Boston terriers are named for their city of origin. Their background is English bulldog and terrier crosses intended for fighting, but breeders selected for small size and gentle dispositions to create a favorite household pet. Boston terriers want to be near their owners and families. They are good with children, and pair well with other pets. They usually weigh from 17 to 25 pounds, and they seldom bark disruptively. Boston terriers are not outdoor dogs. Potential health issues differentiate their care needs from those of many other breeds. With care suited to their needs, Boston terriers usually live from 11 to 13 years, but some live to 15.
Familiarize yourself with the common medical issues that affect Boston terriers. The breed suffers from a number of potentially fatal problems, termed Brachycephalic syndrome, that result from the shortened structure of the head, nasal passages, throat and palate. Dogs with such "pushed in" faces can easily suffer severe breathing and heat stress problems. Have your veterinarian evaluate your Boston terrier if he snores or has labored breathing, if he chokes and gasps for breath occasionally, or becomes winded or overheated easily. Other health issues affecting Boston terriers include skin problems, including as demodectic mange, patellar luxation, heart and thyroid issues, sensorineural deafness, allergies, tumors, genetic diseases of the eye, including glaucoma and early-onset cataracts; and hemivertebrae, a malformation of the vertebrae.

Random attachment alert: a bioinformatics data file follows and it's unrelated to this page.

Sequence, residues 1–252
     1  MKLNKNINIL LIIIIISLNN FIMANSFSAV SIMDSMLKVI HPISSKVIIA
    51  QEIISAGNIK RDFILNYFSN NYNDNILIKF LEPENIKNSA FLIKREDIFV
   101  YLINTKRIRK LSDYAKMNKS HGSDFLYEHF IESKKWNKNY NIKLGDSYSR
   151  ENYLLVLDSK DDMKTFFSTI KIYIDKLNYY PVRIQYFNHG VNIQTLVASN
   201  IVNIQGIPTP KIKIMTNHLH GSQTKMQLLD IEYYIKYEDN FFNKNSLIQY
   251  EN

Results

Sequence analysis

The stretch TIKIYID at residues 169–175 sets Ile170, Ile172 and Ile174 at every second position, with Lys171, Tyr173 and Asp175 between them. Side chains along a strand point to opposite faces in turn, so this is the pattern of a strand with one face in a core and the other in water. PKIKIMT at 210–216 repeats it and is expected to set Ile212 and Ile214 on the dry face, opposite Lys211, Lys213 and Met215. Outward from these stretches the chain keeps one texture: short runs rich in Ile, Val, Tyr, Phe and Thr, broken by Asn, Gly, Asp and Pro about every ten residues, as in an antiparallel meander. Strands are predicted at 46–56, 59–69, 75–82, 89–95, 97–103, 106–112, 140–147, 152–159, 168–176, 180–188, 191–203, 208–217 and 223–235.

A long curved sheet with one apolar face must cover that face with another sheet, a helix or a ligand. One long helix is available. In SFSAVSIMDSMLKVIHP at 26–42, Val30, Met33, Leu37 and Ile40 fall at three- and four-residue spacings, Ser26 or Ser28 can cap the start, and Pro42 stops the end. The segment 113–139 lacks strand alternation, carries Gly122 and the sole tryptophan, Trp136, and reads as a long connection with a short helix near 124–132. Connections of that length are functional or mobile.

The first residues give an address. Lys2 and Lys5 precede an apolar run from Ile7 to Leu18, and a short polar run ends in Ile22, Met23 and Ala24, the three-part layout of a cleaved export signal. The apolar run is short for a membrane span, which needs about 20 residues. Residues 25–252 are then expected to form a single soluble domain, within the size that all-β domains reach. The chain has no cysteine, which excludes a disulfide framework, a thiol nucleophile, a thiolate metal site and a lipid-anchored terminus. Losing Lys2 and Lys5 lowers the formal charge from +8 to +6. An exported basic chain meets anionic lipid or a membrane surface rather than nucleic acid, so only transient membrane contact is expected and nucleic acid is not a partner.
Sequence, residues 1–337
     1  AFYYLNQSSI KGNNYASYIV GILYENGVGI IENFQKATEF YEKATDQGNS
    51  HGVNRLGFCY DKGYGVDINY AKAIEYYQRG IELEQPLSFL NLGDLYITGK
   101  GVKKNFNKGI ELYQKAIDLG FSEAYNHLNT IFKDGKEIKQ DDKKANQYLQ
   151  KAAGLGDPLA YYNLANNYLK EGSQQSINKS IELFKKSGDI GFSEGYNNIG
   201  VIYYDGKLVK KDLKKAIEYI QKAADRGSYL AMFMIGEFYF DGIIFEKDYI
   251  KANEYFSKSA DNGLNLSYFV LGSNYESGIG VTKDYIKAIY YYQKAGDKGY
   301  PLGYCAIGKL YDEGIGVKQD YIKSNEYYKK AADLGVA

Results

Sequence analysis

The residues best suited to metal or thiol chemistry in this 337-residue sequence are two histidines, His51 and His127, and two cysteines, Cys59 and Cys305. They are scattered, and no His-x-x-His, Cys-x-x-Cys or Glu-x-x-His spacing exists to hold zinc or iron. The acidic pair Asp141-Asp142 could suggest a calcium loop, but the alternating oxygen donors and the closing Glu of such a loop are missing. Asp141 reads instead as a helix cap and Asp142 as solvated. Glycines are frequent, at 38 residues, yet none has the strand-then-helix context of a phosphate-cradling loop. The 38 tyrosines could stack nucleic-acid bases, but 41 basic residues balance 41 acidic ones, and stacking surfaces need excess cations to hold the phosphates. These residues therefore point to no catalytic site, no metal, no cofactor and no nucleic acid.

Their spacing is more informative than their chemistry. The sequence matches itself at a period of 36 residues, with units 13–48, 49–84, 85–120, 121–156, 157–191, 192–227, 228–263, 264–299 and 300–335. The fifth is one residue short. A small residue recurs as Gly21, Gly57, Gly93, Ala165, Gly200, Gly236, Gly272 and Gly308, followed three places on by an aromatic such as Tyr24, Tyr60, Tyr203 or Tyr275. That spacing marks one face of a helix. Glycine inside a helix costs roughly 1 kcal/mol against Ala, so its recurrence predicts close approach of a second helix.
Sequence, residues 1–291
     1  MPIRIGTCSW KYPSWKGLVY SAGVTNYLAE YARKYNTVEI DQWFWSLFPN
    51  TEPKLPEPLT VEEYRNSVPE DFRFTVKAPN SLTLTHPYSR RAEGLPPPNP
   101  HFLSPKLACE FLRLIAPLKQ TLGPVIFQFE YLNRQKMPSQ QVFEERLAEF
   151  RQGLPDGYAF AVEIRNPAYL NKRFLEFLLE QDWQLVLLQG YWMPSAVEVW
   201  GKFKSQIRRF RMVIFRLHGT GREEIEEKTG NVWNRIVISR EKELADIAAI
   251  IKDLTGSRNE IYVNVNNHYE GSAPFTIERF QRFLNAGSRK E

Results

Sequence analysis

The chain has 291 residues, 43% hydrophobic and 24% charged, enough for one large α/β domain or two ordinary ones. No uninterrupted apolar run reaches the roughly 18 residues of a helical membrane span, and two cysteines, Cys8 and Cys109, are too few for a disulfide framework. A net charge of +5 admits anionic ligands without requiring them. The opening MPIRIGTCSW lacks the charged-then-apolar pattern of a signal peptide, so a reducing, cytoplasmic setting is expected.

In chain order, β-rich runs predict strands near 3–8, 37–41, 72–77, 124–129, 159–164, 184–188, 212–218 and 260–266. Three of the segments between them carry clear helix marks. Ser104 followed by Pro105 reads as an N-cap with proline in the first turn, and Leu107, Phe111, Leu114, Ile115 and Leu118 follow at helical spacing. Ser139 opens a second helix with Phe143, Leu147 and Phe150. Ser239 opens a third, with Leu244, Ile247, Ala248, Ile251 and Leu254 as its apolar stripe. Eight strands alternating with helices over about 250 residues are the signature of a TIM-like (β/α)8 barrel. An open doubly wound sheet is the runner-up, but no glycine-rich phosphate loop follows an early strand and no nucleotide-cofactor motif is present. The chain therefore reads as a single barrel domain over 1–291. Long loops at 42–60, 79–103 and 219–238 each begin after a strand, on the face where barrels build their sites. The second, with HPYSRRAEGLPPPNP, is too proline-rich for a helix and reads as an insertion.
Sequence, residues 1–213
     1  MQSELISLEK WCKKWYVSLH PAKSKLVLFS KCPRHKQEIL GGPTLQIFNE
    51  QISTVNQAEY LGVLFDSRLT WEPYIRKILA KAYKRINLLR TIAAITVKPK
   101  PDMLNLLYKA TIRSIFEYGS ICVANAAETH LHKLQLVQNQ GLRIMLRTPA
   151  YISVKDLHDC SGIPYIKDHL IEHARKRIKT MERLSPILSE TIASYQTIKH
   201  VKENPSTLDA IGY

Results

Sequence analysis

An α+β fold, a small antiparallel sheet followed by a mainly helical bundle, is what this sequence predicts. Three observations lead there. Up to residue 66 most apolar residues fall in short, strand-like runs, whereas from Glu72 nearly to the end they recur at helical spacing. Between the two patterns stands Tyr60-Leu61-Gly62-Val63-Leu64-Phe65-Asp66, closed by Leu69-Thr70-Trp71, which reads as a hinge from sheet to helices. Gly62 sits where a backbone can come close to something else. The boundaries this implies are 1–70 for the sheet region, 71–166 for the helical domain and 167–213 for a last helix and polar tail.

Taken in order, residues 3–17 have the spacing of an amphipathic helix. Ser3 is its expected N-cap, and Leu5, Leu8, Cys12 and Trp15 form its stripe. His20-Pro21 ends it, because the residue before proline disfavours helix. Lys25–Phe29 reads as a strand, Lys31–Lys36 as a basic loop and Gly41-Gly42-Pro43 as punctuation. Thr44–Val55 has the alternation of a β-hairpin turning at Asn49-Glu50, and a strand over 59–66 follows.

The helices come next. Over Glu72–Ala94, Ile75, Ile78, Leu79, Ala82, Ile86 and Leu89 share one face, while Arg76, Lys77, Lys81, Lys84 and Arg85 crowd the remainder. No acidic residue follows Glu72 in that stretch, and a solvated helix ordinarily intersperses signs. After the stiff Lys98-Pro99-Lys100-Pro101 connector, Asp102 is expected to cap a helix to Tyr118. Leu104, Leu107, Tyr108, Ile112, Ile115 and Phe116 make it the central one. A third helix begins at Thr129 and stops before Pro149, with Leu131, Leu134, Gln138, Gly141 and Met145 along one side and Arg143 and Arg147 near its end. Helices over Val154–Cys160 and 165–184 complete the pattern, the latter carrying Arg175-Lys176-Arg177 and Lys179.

Protect your Boston terrier against health hazards when he is outdoors. Avoid prolonged exposure to the sun, as his eyes are vulnerable, and he can become overheated. The Boston Terrier Club of America's website recommends that owners get sun visors for their dogs. Both hot and cold air can cause breathing difficulties for a Boston terrier, so never leave your dog in a car without supervision. Ensure that your pet’s indoor and outdoor areas are free of sharp objects and thorny plants, particularly at eye level. Accidental contact may cause eye damage.
Prepare and carry a canine first-aid kit. Include a veterinarian-approved eye wash or eye drops, in case your dog gets debris in his eyes. Because a Boston terrier's eyes protrude, they are more likely to become dry and are less protected against dust and dirt. Also include basic first-aid supplies, medicines to address any known health issues, and your veterinarian’s phone number in case of emergency. Outfit your Boston terrier with a harness rather than a collar or choker chain. Collars and other items that fit around the neck can block your pet’s airway and worsen breathing issues.
Train your Boston terrier early. His understanding of basic commands will make his life and yours easier. Obedience training also will help meet your dog’s need for attention, which is greater in this breed than in many others. Know your pet’s personality and temperament. Some Boston terriers exhibit bulldog stubbornness or the aggressive behaviors of a terrier, but most are easygoing. Training makes activities such as play go more smoothly and opens the door to activities beyond simple exercise. For example, Boston terriers often make excellent therapy dogs.
Provide your Boston terrier with moderate amounts of exercise. Obedience and agility training are forms of exercise well-suited to the breed. Monitor him closely. You may need to step in and stop your Boston terrier's activity to prevent a health problem. Avoid allowing him to get out of breath and overheated, as these two factors can trigger a health crisis.
Brush your Boston terrier weekly. His short coat requires minimal grooming. Use a rubber palm brush, grooming mitt or an all-purpose dog brush. The breed does shed, but not heavily.